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Sen. Max Wise (R-Campbellsville) and former education commissioner Wayne Lewis are calling on the federal government to help expand internet access to all Kentucky students.

“This is not something that states, particularly states like Kentucky, are going to be able to take on all on their own,” Lewis said Monday during a press conference hosted the Walton Family Foundation.

Lewis is serving as the dean of Belmont University school of education in Nashville, after being forced out of his position as education commissioner in December.

Wise, who chairs the state senate’s education committee, said many families struggled in the spring to get online when schools moved to nontraditional instruction, or NTI.

J. Tyler Franklin

A panel of legal experts is warning that the city of Louisville needs to take legal measures to prevent further action by militia groups, including right-wing militias such as the “Three-Percenters” and the NFAC, a new national Black militia.

“This is not protest in America,” Mary McCord said referring to the convergence of opposing militias in Louisville Saturday.

McCord is the legal director of Georgetown University’s Institute for Constitutional Advocacy and Protection (ICAP), which helped advise the City of Charlottesville in preventing militia groups from returning after the 2017 Unite the Right rally. She was speaking as part of a panel Wednesday hosted by ICAP and moderated by NPR’s Michel Martin.

Office of Gov. Andy Beshear

Gov. Andy Beshear has ordered Kentucky bars to close and restaurants to go to 25% capacity for two weeks starting Tuesday, Jul. 28 at 5 p.m. to try to curve a rise in cases of COVID-19.

“This is going to hurt a lot of restaurants,” Beshear said Monday. “But the White House’s modeling shows that this is absolutely necessary to control the spread at this time.”

The restrictions do not affect outdoor seating for restaurants.

During his briefing Monday, Beshear said some bar and restaurant-goers have failed to follow guidelines around masks and social distancing. He showed photos of people gathered closely together at Kentucky bars without wearing masks.

Kentucky Dept. of Education

The Kentucky Board of Education has named Jason Glass as commissioner of education, the state’s top K-12 education official. As commissioner, Glass will lead the 1,000 employees at the Kentucky Department of Education (KDE), and oversee the state’s public schools, which serve 648,000 students.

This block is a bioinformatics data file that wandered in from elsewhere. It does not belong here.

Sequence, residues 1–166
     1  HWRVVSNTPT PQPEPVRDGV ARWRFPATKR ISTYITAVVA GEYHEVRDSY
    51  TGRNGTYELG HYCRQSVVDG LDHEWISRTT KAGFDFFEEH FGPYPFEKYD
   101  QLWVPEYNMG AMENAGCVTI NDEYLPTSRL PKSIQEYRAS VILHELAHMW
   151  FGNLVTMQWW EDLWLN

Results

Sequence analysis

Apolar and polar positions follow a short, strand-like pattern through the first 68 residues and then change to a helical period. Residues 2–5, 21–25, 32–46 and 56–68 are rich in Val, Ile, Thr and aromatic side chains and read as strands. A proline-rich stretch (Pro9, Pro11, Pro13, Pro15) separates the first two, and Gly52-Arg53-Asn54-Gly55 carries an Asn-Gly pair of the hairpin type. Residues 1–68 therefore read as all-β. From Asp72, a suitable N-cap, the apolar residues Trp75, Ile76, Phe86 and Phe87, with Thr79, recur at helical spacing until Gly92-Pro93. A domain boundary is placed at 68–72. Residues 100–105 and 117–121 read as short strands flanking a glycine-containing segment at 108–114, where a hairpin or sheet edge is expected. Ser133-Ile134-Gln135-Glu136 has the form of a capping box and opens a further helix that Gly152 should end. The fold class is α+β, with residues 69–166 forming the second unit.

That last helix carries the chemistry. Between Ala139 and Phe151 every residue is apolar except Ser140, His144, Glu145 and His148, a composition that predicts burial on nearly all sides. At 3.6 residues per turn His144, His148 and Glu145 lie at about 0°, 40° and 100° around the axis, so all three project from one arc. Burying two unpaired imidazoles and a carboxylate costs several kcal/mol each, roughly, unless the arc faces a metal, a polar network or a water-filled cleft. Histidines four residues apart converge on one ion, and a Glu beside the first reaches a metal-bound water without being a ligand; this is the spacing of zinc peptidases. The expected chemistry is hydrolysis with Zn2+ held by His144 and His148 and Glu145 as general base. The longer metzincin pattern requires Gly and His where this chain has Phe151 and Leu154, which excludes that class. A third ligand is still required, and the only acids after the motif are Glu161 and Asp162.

“I’m so incredibly grateful for this opportunity to serve the Commonwealth, and I’m excited to embark on this effort to improve the future for all of Kentucky’s children,” Glass said to the board during a special meeting Friday.

“Our world has become faster, more globally interconnected, more competitive — and these things are not slowing down — they are accelerating,” Glass said. “We have to adapt our education system so that we prepare our students to meet those challenges.”

Creative Commons

State officials have released guidelines on reopening schools in the fall amid the coronavirus pandemic. The guidance includes requirements, as well as recommended “best practices,” for schools on social distancing, mask-wearing, cleaning and other measures.

“Necessary does not always equal easy,” Kentucky’s interim education commissioner Kevin Brown said during Gov. Andy Beshear’s daily briefing.

“The expectations that we’re providing today for schools and how to reopen them safely, reduce the risk, that is not easy,” Brown said. “But they are certainly necessary.”

ONA News Agency/Wikimedia Commons

A federal judge has dismissed a lawsuit brought by several former members of the Kentucky Board of Education who claimed Gov. Andy Beshear violated their constitutional rights when he ousted them shortly after taking office in December. District Judge Gregory Van Tatenhove dismissed the case Wednesday, ruling that, “the Court finds the Governor’s actions are not contrary to federal law.”

The former board members and their attorney, Steve Megerle, could not be reached for comment by our deadline. But the decision could be appealed to a higher court.

Jess Clark

A historic Black church in Louisville’s Shelby Park neighborhood has suffered damage from gunfire in a shooting neighbors say happened around 1:15 a.m. Wednesday. No one was inside the church at the time of the shooting, and no injuries have been reported.

A spokesman for the Louisville Metro Police Department (LMPD) said authorities have “not ruled out” the possibility the shooting was racially motivated.

“We don’t know that definitively at this point, and certainly we haven’t ruled out that fact,” LMPD spokesman Dwight Mitchell said.

governor.ky.gov

Protests across the state and the country against police brutality and structural racism have the attention of Kentucky education officials, including Ky. Lt Gov. Jacqueline Coleman. At Wednesday’s Kentucky Board of Education meeting, Coleman put forward several proposals, including statewide implicit bias training for teachers.

“I feel public education was made to meet the moment,” Coleman said, who is also the secretary of the Education and Workforce Development Cabinet.

“My first proposal is for the Department of Education to partner with schools across Kentucky to develop and implement a very needed implicit bias training for faculties across the across our communities,” she said.